To better understand how tyres work in different conditions, and the importance of motorsports in the development of road tyres, Michelin invited us to drive various race cars in a variety of conditions. Now we couldn’t refuse, could we? Throughout automotive history, all the leading tyre manufacturers around the world have used motorsports as a test lab for the latest technologies in tyres – advancements that have ultimately made it to the road tyres that we use on our everyday cars. And this is certainly true in the case of Michelin. After it invented the radial tyre in 1949, Michelin used motorsport to showcase the ability of radial tyres in extreme environments. And that led to arguably the biggest technological breakthrough in tyres, not to mention an almost universal adoption of radial tyres across the world. If you think about it, the motorsports focused approach makes sense. Putting a tyre through the extreme conditions of a racetrack environment, where it faces extreme pressure, heat, performance requirements and accelerated wear and tear rates, means that the tyre goes through far worse punishment than it would normally do. Since the stress on a normal road car tyre is a fraction of what a race car tyre faces, technologies that do well in a motorsports environment would typically succeed in road conditions too. So, when Michelin invited us to visit the Sepang circuit in Malaysia and experience the racing environments that different types of competition tyres go through, we couldn’t help but gladly agree. After all, driving multiple types of competition cars at a great racetrack all day long does qualify as research and hard work, right? Jokes apart, though, the first-hand experience and the opportunity to speak with various Michelin experts about their products went a long way towards better understanding the deep, dark world of tyre research and development. Now, Sepang is a circuit that I hadn’t visited before – so I was quite looking forward to driving there. So, after the customary safety briefing and medical check ups, our first stint was in a Citroen DS rally car – fitted with Michelin’s gravel rally tyres of course – on a purpose built dirt track. The specially hardened sidewall on the tyre made sure that whatever rocks and other objects we hit on the track had no effect on the tyre whatsoever, and the specially created tread design gave us tremendous grip even on the loose surface. Now both these qualities are very useful for extreme road environments, such as what mud terrain tyres for SUVs could face when going off-road. There’s a clear example of how racing technology works for road cars! The second experience led us back to the main asphalt racetrack, where we drove Renault Clio touring cars that were fully race prepped and fitted with racing slicks. Here, again, we got a chance to witness what kind of an environment a touring car driver gets to experience – with the slicks offering stunning grip, as well as cornering and braking ability. Like in the rallying experience, the instructors kept pushing us to go faster and explore how vast the performance envelope was, and how much of that potential we could exploit with our limited driving skills. The third experience was perhaps the most extreme, as we were handed Formula 4 cars – which we were allowed to drive on track following a lead car. And it’s in this experience that I clearly understood the vast differences between driving a road car modified to suit the track and a dedicated race car designed from scratch to be as fast as possible. The Formula 4 machine had absolutely unbelievable levels of grip, courtesy of its slick tyres and aerodynamic bodywork – while its light weight and low height meant that it could be driven at an absolutely insane pace around the track. In fact, in places we were so fast that the Porsche 911 pace car that we were following was simply too slow and I had to back off lest I slam the car into the back of the Porsche. However, the icing on the cake of the whole day was getting to meet and chat with 2015 Le Mans winner Earl Bamber – who later gave us a demo ride in an Oreca LMP3 car. With the raw pace of the car, the grip supplied by its tyres, and the driving talent of Earl, it was truly a humbling (not to mention exciting) experience. Moreover, it made us appreciate the hard work that goes into creating such machines, and the effort and development that goes into making the tyres for them – as it’s this research and development that leads to better tyres for our everyday cars, making them safer and more efficient.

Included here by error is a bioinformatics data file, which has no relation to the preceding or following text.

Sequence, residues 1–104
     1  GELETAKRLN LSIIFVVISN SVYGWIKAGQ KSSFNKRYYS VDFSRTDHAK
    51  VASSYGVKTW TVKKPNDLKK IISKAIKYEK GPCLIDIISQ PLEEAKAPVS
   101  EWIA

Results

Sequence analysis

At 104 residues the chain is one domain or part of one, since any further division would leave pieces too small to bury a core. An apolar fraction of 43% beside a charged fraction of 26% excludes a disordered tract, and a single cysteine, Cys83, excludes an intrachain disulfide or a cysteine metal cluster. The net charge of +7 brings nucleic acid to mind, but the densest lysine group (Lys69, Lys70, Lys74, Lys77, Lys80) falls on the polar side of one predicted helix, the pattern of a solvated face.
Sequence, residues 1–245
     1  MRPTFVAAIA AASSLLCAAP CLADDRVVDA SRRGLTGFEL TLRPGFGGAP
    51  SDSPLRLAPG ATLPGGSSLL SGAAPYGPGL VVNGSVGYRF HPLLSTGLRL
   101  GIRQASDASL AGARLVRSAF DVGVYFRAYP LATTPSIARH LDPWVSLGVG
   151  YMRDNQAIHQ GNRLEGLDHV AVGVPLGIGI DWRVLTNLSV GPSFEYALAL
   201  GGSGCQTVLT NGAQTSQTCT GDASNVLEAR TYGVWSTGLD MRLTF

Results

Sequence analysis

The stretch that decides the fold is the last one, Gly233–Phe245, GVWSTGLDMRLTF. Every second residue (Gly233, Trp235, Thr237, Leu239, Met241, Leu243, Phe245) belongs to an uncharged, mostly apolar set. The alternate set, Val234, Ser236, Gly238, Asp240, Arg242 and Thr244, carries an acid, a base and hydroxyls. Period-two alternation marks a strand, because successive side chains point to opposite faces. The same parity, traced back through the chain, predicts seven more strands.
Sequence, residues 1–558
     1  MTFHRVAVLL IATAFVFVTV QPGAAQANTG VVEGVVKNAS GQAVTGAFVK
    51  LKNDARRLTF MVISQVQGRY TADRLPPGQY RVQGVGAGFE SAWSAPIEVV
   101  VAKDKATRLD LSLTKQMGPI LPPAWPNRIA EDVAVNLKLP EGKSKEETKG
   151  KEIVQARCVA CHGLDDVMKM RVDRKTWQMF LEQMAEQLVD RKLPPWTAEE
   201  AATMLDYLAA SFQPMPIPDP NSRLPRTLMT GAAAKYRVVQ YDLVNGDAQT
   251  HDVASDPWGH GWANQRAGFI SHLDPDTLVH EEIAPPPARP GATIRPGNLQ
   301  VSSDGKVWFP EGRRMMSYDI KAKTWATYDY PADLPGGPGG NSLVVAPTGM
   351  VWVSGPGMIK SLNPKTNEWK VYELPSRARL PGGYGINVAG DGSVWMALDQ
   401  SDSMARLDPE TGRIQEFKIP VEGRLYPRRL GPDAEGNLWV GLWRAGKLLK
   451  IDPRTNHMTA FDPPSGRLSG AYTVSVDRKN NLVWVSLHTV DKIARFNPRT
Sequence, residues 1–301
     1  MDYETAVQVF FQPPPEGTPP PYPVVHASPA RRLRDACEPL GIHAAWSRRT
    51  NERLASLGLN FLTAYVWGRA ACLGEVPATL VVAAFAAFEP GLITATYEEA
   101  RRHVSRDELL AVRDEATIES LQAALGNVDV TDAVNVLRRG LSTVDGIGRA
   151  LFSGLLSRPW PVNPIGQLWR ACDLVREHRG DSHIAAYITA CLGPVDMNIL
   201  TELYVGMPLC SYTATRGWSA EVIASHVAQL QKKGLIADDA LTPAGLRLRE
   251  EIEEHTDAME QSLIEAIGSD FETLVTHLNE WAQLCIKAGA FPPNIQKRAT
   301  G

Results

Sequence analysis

Michelin Pilot Experience at Sepang
Ishan Raghava Assistant Editor with autoX, Ishan has great technical and practical knowledge, and his life-long love for cars has seen him devote some of the best years of his youth to a perhaps wasteful, yet satisfying, pursuit of his obsession with automobiles. He has worked with lifestyle publishing brands as a freelance / consultant for over 10 years and as a part of the autoX team for 8 years.